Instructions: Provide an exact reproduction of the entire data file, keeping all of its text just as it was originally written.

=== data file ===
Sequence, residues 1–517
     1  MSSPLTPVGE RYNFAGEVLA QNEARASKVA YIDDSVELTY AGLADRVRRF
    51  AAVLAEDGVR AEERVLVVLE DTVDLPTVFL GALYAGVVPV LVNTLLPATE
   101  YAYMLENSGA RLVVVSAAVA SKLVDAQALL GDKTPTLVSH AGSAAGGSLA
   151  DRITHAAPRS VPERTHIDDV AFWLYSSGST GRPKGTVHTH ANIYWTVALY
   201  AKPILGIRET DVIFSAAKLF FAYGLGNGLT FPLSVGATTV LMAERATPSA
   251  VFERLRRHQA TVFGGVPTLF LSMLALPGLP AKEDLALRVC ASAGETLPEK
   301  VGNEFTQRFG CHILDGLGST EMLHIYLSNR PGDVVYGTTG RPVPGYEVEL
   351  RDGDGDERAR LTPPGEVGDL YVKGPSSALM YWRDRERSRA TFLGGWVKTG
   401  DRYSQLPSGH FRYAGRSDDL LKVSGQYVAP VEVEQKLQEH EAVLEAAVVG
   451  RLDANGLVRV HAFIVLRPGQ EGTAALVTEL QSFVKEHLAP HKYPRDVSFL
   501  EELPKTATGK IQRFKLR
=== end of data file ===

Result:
Sequence, residues 1–517
     1  MSSPLTPVGE RYNFAGEVLA QNEARASKVA YIDDSVELTY AGLADRVRRF
    51  AAVLAEDGVR AEERVLVVLE DTVDLPTVFL GALYAGVVPV LVNTLLPATE
   101  YAYMLENSGA RLVVVSAAVA SKLVDAQALL GDKTPTLVSH AGSAAGGSLA
   151  DRITHAAPRS VPERTHIDDV AFWLYSSGST GRPKGTVHTH ANIYWTVALY
   201  AKPILGIRET DVIFSAAKLF FAYGLGNGLT FPLSVGATTV LMAERATPSA
   251  VFERLRRHQA TVFGGVPTLF LSMLALPGLP AKEDLALRVC ASAGETLPEK
   301  VGNEFTQRFG CHILDGLGST EMLHIYLSNR PGDVVYGTTG RPVPGYEVEL
   351  RDGDGDERAR LTPPGEVGDL YVKGPSSALM YWRDRERSRA TFLGGWVKTG
   401  DRYSQLPSGH FRYAGRSDDL LKVSGQYVAP VEVEQKLQEH EAVLEAAVVG
   451  RLDANGLVRV HAFIVLRPGQ EGTAALVTEL QSFVKEHLAP HKYPRDVSFL
   501  EELPKTATGK IQRFKLR